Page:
The storm laid waste to scores of buildings in Moore, Okla., a community of 41,000 people about 10 miles south of the city. Block after block lay in ruins. Homes were crushed into piles of broken wood. Cars and trucks were left crumpled on the roadside.
Originally posted 10/30/2012 03:30PM
Hurricane Sandy may have damaged much of New York City, but it couldn't deter the heroic staff of NYU Langone Medical Center.
As the storm battered New York City on Monday, the hospital's basement, lower floors and elevator shafts filled with 10 to 12 feet of water, causing a power outage, CNN reports.
This sudden flooding sent the emergency generators into action, but just two hours later, 90% of the power went out – forcing hospital staff to evacuate patients.
Originally posted 06/29/2012 11:55AM
President Obama has declared a state of disaster in Colorado, where wildfires have destroyed hundreds of homes and forced thousands to evacuate.
The Waldo Canyon Fire, on the outskirts of Colorado Springs, is also responsible for the death of at least one person. A body was found inside a charred house late Thursday and another person from the same house is missing, according to CNN.com.
President Obama's declaration means that federal funding will be available for the state and local governments, as well as eligible nonprofit organizations.
The president plans to travel to Colorado Springs Friday afternoon to personally assess the damage, according to reports.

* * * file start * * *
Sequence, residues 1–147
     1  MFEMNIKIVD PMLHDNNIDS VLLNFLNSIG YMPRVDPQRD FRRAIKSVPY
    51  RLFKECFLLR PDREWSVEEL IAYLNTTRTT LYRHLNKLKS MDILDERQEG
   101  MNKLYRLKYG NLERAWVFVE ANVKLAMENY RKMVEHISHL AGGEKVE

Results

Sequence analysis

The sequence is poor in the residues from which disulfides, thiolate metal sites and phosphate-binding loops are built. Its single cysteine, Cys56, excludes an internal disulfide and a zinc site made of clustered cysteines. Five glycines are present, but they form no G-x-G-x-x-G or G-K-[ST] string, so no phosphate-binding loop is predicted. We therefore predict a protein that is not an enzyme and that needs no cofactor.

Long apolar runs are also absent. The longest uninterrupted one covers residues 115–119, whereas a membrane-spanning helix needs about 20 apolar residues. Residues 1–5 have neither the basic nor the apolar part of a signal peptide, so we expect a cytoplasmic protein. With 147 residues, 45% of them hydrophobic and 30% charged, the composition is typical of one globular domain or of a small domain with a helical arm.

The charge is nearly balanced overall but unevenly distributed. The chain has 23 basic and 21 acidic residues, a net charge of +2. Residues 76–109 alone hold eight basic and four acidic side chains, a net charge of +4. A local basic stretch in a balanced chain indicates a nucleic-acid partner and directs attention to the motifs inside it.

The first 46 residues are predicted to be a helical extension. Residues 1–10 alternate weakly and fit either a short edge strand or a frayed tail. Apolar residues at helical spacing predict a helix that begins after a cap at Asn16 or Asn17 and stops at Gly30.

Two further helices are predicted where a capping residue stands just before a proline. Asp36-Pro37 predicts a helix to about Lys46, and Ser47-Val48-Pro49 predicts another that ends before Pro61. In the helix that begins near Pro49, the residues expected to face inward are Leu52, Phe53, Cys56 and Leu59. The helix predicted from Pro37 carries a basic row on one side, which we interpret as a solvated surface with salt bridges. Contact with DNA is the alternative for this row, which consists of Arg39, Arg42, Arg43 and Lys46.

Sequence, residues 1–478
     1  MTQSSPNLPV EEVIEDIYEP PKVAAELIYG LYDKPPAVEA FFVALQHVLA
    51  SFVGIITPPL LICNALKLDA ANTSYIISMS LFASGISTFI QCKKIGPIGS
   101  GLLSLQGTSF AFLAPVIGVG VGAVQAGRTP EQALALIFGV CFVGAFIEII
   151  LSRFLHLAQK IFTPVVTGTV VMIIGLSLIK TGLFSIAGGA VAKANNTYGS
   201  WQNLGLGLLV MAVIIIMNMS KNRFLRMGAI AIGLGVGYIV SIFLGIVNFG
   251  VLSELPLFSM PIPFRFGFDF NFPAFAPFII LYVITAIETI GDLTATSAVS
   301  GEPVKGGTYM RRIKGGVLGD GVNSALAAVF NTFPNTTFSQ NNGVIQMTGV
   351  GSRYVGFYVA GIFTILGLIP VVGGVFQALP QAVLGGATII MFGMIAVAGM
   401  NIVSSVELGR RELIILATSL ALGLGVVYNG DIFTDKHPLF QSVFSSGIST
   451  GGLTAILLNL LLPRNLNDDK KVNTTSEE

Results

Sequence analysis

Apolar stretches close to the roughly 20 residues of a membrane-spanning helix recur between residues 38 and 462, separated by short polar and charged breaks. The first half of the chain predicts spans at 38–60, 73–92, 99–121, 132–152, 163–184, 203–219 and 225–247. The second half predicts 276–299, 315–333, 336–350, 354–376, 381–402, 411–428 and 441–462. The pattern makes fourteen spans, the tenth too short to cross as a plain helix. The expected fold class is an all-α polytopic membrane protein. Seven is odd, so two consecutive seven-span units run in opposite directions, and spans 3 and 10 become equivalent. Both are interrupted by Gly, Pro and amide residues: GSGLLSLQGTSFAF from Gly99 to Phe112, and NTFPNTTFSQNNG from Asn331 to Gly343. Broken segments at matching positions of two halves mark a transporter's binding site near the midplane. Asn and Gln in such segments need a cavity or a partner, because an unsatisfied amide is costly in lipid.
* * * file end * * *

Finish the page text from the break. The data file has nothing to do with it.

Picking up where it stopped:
Originally posted 03/16/2011 08:30AM
In unprecedented televised address Wednesday, Japan's Emperor Akihito said he was "deeply worried" by the problems at nuclear facilities following last week's devastating earthquake and tsunami, and urged his people to keep hope and be compassionate to one another during the crisis.
"I am deeply hurt by the grievous situation in the affected areas. The number of deceased and missing increases by the day. We cannot know how many victims there will be. My hope is that as many people possible are found safe," Akihito, 77, said.
He added: "I hope from the bottom of my heart that the people will, hand in hand, treat each other with compassion and overcome these difficult times." He also urged survivors not to "abandon hope."
Originally posted 03/13/2011 09:15PM
A massive earthquake and tsunami hit Japan Friday morning, killing thousands of people and devastating a nation, but relief organizations are stepping up to provide immediate assistance to victims.
Here are some ways you can get involved and help people:
The Portland, Ore.-based Mercy Corps is accepting donations to help survivors of Japan's earthquake and tsunami through their longstanding partner, Peace Winds Japan. Donations will go to meeting the immediate and longer-term needs of the survivors. You can text MERCY to 25283 to donate $10.
Convoy of Hope's Disaster Response team is in contact with partners in Japan and identifying areas in the greatest need of assistance. You can donate online at convoyofhope.org or text TSUNAMI to 50555 to donate $10 toward the relief efforts.
Originally posted 03/12/2011 03:00PM
Petra Nemcova knows all too well what it's like to live through a natural disaster.
On Friday, after a devastating earthquake and ensuing tsunami devastated Japan, Nemvoca, who survived the 2004 disaster in Thailand, says it's difficult for her to watch the news coverage.
"It's very hard to look ... at those videos," the model and Dancing with the Stars contestant tells Access Hollywood. "Seeing people trying to escape from their cars and knowing this can be prevented. I think it's such a crime not to have disaster preparedness in curriculums."